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Is Your ISBN Legit or Fake?

Books

Such a deal … buy your ISBN for only ten bucks … who wants to pay $125? The real questions are: are they legit ISBNs? Or, are they knockoff? Or, are they a re-sale? And if they are a re-sale, are they being sold by an approved resale outlet? Are they legit … or are they fake?

Is Your ISBN Legit or Fake? image DonutSeeds

All authors need to understand this: ISBNs are ONLY ISSUED by Bowker … it doesn’t matter what name you get them through. And in fact, it may be a giant hiccup if you take this route. Bowker has the exclusive distribution rights in the United States … other companies have them in other parts of the world. Here’s what ePubBud.com and others like it do: they purchase a bank of ISBNS… you too, can buy 1000 for $1000 or $1 an ISBN (now, that’s a deal)—where single ones are sold for $125 via Bowker, 10 for $250, 100 for $500 and 1000 for $1000, etc.

Anyone can buy and then repackage and sell them as singles or multiples at, say $10. Supposedly, they  are a “channel” arrangement with Bowker to do that. You think—”WOW—such a deal.” Maybe. Maybe not.

They are making 10 times on their money—not a bad ROI for sure! … and get this: all those ISBNs are really listed as them—whoever sells them to you and originally purchased them—as the publisher … you see, ePubBud.com still owns them in their ID bank with Bowker … they have resold to you the perpetuity use of them. Technically, your book is connected to the ISBN via title, but maybe not as the publisher. Before you buy any of the “deals” check it out—determine if you get to register your book personally with the ISBN so that Bookscan picks up your retail sales and IDs you as the publisher.

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My take … if you are a publisher, you should have a minimum of 10 ISBNs … better yet, 100. Why 100?–it’s cheaper for sure ($5 each) and if you really get the re-purposing side of just what one book can create—breaking it up into mini books, creating new books and products, etc.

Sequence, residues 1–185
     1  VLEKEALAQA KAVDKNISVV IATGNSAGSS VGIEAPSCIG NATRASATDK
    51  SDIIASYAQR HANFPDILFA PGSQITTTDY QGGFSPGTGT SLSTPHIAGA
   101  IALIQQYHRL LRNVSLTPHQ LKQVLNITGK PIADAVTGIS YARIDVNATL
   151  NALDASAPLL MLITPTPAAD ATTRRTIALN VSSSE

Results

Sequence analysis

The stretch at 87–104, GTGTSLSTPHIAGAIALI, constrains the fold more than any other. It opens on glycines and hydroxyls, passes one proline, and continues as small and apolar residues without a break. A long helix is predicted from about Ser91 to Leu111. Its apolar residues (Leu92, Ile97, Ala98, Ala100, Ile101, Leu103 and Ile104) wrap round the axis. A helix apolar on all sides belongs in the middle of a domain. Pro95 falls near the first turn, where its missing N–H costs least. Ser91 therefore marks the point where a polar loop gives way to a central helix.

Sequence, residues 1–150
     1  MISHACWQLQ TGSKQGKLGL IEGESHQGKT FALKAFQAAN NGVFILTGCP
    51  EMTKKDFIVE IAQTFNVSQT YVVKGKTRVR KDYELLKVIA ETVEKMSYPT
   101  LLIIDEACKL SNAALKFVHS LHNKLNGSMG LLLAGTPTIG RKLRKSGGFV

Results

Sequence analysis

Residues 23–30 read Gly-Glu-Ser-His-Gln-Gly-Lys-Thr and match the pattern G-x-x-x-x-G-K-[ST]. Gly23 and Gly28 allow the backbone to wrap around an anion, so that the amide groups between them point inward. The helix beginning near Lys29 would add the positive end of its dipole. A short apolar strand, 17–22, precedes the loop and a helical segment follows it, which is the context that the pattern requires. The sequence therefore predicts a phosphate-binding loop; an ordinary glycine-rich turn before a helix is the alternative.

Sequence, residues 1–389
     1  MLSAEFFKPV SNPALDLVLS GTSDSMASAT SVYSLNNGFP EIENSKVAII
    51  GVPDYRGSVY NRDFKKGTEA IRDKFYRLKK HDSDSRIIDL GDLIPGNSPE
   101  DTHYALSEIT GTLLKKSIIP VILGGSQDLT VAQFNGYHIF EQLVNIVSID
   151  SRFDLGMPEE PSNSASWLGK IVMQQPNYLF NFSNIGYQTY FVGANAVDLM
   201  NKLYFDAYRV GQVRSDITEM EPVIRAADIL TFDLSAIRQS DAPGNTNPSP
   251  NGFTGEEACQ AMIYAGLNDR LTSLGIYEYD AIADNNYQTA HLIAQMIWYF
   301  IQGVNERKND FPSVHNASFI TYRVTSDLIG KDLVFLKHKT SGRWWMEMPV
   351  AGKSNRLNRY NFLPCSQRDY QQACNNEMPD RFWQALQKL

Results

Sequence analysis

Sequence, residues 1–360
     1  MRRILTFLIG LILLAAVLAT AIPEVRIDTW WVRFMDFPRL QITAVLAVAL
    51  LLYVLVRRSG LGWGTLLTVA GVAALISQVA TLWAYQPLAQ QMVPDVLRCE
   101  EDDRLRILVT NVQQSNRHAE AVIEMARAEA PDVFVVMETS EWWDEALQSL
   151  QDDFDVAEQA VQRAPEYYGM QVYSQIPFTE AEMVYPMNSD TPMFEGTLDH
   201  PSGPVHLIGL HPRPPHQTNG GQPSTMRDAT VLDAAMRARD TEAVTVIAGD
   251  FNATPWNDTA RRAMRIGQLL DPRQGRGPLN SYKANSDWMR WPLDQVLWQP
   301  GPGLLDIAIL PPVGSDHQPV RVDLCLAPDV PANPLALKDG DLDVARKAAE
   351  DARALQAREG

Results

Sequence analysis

I have one client who took his tome—published what we called the Mothership; then broke it into sections—created each in a POD format with corresponding eBook; and then took 9 other chapters in the book that stood alone-did the POD and eBook side—we morphed the cover just a tad—branding was there; created a new intro for each. One book = 15 books. He was amazed. He is selling. He is happy. He needed 15 ISBNs and bought 100, all registered to his own publishing company.

When my husband and I first started Mile High Press, we pulled down 100 ISBNs several years ago—we are now at #52 in use. If I do what I plan to do, I will have to go for a second round of 100 soon.

Noodle here … what are your big plans … the Vision thing for your authoring and publishing? I’m appalled at the hooking up of Bowker with any “publishing” provider for profit such as iUniverse which it has just done, especially when there is controversy around it and its parent company, Author Solutions, a publishing predator. Right now, Bowker owns the game in publishing town and controls ISBNs. Who it officially allows to resell is another game and then those who just buy and resell and don’t give a twit if it’s official or not is yet another.

As always, it’s an author beware scenario.

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